Tuesday, 4 January 2011

The adventures of our supergranny

I've decided I am very fond of the name Lisander. It's not really a good name for a son, unless I'd want him to be a daydreaming fag, but it would carry on grandpa Shandor's name and it's a cute war plane also... Hang on, the dog's gone quiet. Never a good sign.
        ....Back. *sigh* Okay, I got to write this down, as it's super funny and super not funny also - depends how much your stomach hurts that day.
          Yesterday morning, before seven, our darling gran calls me to tell me she and some cab driver, who is married to some woman she knows, are coming to my apartment to take away some things she wants to sell. Now, don't get me wrong - this used to be her home for fifty years and she is more than welcomed to take her things she's hitherto been unable to transport... but it's not her things she's after. It's the things she gave away as gifts, mostly to my mum, but which are costly and she would love to please someone of the people who are dying to buy them. (Often she completely fails to comprehend their value and sells them happily, proudly for the 10 % of the price.) But anyway - this still isn't as much my problem as that of my mother's, and if it was for me I'd let them bull one another endlessly. Not my game, anymore, really. But yesterday, I was ill - the past few weeks of working in the cold have gained on me and, though not in any particular frame of illness, I had slept for 14 hours and was feeling smaller than a used paper handkerchief. In NO mood to fend off strangers in my home (now for two years), explaining why the flat is now a construction site.
            I explained to her what i've explained several times before: that the only way she's taking things out is if mum is here to say it's okay, as I am seriously not going to explain to my mother also why I allowed the stuff to be taken - I'm not their fucking warden. I also said I am too sick to entertain house calls and if there is things she needs and mum okays it, we'll deliver them to her place in the afternoon, when the General is home.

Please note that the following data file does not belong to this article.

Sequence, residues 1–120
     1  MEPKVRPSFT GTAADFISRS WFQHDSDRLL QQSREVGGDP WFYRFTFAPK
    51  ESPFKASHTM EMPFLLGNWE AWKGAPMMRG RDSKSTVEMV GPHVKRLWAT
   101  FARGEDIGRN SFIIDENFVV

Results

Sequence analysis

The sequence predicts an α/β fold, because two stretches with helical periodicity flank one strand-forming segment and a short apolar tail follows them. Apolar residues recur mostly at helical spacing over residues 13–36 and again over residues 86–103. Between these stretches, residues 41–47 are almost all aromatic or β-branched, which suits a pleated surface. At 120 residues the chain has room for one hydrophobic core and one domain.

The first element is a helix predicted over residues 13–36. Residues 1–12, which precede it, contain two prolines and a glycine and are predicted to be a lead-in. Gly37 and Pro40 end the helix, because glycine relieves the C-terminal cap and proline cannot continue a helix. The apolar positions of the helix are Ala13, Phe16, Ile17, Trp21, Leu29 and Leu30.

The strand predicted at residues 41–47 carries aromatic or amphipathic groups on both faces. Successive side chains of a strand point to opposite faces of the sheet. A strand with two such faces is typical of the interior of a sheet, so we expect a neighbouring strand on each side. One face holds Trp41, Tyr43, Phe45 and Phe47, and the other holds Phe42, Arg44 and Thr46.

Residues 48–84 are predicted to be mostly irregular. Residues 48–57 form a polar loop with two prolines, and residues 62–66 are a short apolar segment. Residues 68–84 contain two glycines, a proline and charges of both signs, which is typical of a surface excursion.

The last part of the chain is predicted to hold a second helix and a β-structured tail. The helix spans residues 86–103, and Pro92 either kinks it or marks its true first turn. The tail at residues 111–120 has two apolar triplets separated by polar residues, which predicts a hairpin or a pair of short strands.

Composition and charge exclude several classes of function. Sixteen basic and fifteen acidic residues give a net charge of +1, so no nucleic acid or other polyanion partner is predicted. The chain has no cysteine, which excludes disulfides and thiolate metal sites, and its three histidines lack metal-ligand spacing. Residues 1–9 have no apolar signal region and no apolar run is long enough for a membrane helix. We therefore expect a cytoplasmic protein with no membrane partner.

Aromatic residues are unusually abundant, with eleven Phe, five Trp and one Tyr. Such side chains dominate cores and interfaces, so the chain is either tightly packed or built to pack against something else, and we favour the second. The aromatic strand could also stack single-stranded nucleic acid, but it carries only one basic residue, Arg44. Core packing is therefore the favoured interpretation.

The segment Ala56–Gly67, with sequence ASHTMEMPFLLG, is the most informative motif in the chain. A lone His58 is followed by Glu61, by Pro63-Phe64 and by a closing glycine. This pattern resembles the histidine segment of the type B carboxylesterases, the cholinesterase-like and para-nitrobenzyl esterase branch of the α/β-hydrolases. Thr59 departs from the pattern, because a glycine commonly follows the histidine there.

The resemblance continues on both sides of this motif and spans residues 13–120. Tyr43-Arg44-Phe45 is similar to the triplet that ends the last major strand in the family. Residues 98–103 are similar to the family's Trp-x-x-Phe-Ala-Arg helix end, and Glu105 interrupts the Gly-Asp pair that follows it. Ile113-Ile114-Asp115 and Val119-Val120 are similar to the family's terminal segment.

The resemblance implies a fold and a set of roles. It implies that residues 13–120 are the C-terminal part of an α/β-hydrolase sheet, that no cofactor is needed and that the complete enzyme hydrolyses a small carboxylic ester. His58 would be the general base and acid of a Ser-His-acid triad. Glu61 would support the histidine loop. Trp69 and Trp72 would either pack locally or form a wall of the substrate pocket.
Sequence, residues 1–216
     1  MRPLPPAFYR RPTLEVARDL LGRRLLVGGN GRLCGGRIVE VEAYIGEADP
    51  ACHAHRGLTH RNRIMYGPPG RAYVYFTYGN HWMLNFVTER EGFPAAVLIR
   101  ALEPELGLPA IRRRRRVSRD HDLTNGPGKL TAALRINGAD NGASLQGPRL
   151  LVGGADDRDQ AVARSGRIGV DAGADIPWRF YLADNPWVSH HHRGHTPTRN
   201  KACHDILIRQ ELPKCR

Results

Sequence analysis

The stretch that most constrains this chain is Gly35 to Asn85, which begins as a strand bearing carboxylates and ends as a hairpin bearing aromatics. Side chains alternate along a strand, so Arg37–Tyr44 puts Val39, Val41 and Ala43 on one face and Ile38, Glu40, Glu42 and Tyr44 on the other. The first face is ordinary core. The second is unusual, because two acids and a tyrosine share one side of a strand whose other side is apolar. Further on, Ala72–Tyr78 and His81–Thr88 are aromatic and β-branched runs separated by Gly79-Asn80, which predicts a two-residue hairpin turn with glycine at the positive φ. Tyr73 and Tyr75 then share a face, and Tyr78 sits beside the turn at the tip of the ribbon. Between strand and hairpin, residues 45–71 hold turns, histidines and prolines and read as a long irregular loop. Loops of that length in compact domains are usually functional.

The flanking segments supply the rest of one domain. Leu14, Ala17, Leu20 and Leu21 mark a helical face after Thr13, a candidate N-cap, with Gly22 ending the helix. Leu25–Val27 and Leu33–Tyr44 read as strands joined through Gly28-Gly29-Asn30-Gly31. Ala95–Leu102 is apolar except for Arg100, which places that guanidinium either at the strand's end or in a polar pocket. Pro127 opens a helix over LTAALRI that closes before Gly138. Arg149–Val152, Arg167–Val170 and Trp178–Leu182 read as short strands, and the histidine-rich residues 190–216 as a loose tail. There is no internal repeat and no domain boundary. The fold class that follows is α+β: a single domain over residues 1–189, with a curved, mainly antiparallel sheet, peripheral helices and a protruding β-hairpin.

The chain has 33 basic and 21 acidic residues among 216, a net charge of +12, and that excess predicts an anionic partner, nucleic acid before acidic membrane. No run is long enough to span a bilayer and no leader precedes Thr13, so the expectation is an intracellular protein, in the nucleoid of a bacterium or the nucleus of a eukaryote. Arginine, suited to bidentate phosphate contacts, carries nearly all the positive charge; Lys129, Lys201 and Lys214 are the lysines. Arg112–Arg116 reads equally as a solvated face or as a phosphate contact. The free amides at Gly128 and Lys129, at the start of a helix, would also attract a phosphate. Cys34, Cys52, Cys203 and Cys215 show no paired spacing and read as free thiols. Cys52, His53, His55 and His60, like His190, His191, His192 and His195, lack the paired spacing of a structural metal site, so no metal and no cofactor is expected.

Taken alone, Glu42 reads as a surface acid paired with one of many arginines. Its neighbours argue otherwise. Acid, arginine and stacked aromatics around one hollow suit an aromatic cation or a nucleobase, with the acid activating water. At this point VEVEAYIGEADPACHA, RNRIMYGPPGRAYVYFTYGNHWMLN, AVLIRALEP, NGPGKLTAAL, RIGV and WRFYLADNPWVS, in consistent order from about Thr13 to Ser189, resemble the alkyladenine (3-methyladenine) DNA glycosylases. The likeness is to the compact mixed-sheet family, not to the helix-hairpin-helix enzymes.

So some time between seven and eight the furious ringing of the doorbell begins. Sorry, I am sweaty, snotty, my hair is greasy and my dishes aren't washed. I am wearing dirty trainers I have slept in. I am not opening.  Doorbell continues. The dog is barking, it is getting impossible to rest. Doorbell is joined by angry hammering on the door. It's the sort of the door that shakes the entire building. I know, because I once tried to bring it down, afraid gran is inside unconscious, and nigh dislocated my shoulder. This goes on for about an hour. The dog is so scared by now, she is frozen stiff between my ankles, dead quiet, staring insistently towards the origin of the ruckus, occasionally making tiny, internal snarling sounds.
            The General is telephoning me to check in on me frequently, asking if he should come over, but also asking my mum what to do - we know our super granny enough to know she tends to walk in, grab things she believes will bring her fame and fortune and just has strangers phisically carry them out. However, unbeknown to me, it is no longer her banging the door, but the police. She has called them, claiming she cannot get into her own apartment anymore, as she has been thrown out. If the officer was calling for me, I cannot say - I honestly didn't hear them. The General, however, phoned our supergranny and managed to communicate to the police, explaining how this is no longer her legal residence and she is trying to relieve us of items only marginally hers to retrieve. (Oh, and I failed to mention that between here and her retirement home, she managed to explain to every single soul how evil we are. She does this by going from tearful poor old lady to Attila The Hun incarnate, depending on the audience. I know know exactly how every single person who has ever been accused of maltreating the elders feels..) Ultimately the officer sighed, saying to the General via phone: "Ah. Now it makes sense." and left and the noises eventually subsided. Dog started breathing again after about half an hour.
            The really interesting bit in conclusion, though, is that we did just as we agreed: we gathered all the items in question and drove them first to mum and then to gran to do as she wants with them - but even though she and the General set the hour, she fled the retirement home when he arrived. About fifty or so angry old ladies were giving him dirty looks, of course, as he is a bad, bad boy indeed, and I have to say I haven't seen him this upset over anything other than me in ages. You got to give it to our granny: she aims to kill.